Healthcare for the most part is unpleasant, but the relatively simple act of taking a daily medication doesn’t need to be.
As a physician trying in earnest to prevent downstream complications of chronic conditions, I often resorted to scare tactics.
“Stick with your cholesterol medication or you’re at greater risk of heart attack.”
“Make sure to take your hypertension pills or you could end up with bleeding in the brain years down the line.”
My counsel felt right at the time, and may have done some good, but I’m now convinced that a lighter approach may have greater merit.
Medication nonadherence is one of the most serious challenges in healthcare – half of all patients with chronic diseases don’t take their medications as prescribed and nonadherence is directly associated with 125,000 deaths each year. We need to bring a multi-faceted approach to this multi-faceted problem.
A physician’s reminders of gloom and doom are too easy to deny when someone has an attitude of “that won’t happen to me.” For some, these warnings may even be too scary to process, or too distant in the future to resonate. Denial is easier. Plus, how often does a patient see a doctor? Perhaps too infrequently for a critical message to really take root.
I believe that, in keeping with a “treat patients like people” mantra, people are more likely to engage in activities they find pleasant, or even fun. Healthcare for the most part is unpleasant, but the relatively simple act of taking a daily medication doesn’t need to be.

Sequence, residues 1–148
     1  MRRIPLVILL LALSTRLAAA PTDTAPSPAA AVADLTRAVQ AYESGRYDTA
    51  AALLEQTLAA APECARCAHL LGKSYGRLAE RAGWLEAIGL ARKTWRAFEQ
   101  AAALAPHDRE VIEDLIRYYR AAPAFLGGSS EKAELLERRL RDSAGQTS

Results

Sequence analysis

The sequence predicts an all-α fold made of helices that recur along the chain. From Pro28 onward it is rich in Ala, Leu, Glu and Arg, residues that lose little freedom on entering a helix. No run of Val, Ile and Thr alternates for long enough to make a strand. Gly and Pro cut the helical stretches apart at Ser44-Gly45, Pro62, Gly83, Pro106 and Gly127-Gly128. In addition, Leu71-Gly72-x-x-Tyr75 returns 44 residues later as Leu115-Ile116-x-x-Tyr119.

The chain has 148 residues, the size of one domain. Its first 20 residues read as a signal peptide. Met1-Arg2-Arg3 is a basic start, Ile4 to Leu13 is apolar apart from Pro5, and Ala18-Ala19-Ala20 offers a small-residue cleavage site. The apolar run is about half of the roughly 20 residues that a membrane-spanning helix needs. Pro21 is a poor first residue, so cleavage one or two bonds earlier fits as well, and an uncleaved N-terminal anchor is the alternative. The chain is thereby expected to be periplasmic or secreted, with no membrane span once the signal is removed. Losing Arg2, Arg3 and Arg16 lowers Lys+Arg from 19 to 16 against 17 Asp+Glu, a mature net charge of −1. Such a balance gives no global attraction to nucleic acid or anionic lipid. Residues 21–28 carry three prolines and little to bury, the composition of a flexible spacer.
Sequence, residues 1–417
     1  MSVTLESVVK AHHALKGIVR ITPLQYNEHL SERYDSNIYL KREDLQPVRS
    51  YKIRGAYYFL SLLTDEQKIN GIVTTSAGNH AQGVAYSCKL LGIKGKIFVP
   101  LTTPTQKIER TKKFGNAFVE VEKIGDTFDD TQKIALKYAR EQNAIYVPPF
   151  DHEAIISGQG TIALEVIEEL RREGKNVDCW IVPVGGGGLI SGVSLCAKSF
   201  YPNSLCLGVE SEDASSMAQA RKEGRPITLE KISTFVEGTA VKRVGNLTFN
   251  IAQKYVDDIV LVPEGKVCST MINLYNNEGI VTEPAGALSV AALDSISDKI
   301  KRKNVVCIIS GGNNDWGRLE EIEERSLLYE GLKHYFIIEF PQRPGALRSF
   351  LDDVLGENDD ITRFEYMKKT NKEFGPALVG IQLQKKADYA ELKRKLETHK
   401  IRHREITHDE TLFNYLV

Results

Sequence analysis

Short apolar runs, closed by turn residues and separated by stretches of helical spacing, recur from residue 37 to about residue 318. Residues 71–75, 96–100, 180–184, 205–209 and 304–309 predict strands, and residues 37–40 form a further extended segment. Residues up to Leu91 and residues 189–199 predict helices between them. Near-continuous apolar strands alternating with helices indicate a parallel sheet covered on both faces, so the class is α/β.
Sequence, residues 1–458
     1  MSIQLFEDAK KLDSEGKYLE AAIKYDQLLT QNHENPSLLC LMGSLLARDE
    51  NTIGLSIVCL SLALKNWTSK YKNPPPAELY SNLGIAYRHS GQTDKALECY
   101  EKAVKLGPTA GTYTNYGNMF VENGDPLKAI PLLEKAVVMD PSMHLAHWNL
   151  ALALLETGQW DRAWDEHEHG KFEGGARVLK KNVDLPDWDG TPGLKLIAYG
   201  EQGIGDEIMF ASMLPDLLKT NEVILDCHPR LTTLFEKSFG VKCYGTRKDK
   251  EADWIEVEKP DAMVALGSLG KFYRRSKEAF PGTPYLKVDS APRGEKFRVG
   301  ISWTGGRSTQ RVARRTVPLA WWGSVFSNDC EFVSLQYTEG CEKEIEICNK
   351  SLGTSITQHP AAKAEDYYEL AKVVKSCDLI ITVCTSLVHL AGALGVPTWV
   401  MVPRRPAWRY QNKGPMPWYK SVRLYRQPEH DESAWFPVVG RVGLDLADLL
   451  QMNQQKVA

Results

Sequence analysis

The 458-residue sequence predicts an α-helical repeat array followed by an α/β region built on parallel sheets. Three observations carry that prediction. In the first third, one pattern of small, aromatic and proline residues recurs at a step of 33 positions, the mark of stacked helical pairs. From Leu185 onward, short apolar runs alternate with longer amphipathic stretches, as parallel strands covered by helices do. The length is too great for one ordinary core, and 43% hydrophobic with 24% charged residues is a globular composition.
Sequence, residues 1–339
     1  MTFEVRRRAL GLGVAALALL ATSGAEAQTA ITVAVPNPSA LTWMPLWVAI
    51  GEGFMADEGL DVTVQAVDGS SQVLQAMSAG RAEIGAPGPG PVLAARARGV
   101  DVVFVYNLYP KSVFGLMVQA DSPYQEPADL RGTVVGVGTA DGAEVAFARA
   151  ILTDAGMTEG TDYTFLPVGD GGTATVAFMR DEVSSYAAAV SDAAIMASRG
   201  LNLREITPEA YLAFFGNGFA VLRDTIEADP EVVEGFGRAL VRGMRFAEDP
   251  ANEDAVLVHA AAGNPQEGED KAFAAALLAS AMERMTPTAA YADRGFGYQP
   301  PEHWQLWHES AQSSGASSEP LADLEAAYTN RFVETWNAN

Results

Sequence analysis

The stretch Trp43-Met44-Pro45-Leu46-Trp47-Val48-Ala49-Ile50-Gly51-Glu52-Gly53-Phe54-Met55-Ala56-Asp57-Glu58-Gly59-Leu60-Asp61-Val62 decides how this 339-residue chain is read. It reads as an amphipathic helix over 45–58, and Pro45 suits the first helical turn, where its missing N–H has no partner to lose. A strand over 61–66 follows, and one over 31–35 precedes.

At HealthPrize we recognize that human psychology is primarily to blame for medication nonadherence, rather than the commonly cited reasons of forgetfulness or cost. Part of this psychology is the negative bias that many of us have toward taking a medication, getting older, being labeled a patient with a condition, or ceding control to a healthcare system we may not fully trust.
In attempting to overcome this bias, the use of fear as a motivator can actually backfire. Instead, at HealthPrize we strive to transform that negative bias into a positive bias via the use of immediate gratification (which most chronic medications lack), gamification to make the process engaging, and education to communicate the value of the treatment plan.
Gamification is not new, of course. We encounter it all the time in consumer experiences to engender loyalty, enjoyment, and frequency of use — think Facebook, LinkedIn, Uber, airline miles programs, and customer cards at our favorite retailers. However, gamification is still relatively new in healthcare.
The idea of using game-like mechanics in the consumer world is now second nature, whereas its use in healthcare still raises an occasional eyebrow, even though it shouldn’t. Our successes at HealthPrize tell us that people with chronic conditions enjoy earning points, checking their leaderboard, and taking quizzes about their condition or treatment (for more points).
And, in contrast to their interactions with doctors, people interact with HealthPrize multiple times per week, for an average of 60 minutes a month. That allows for the repetition of important messages, giving them time to actually sink in.
Early on in the development of HealthPrize, we sought feedback from participants in an effort to troubleshoot bugs and enhance the user experience. I recall receiving feedback from one woman in particular that helped to convince me that our fun and games approach may be more compelling than my former fear-based tactics.
This woman informed us that she needed to spend a couple days in the hospital to undergo a procedure. She had made it to the top of the HealthPrize leaderboard by checking-in every day, completing every weekly quiz, and opening every Daily Tip (our short-form medical education and fun trivia). She was not worried too much about the procedure. What mattered more to her was slipping from her position on the leaderboard.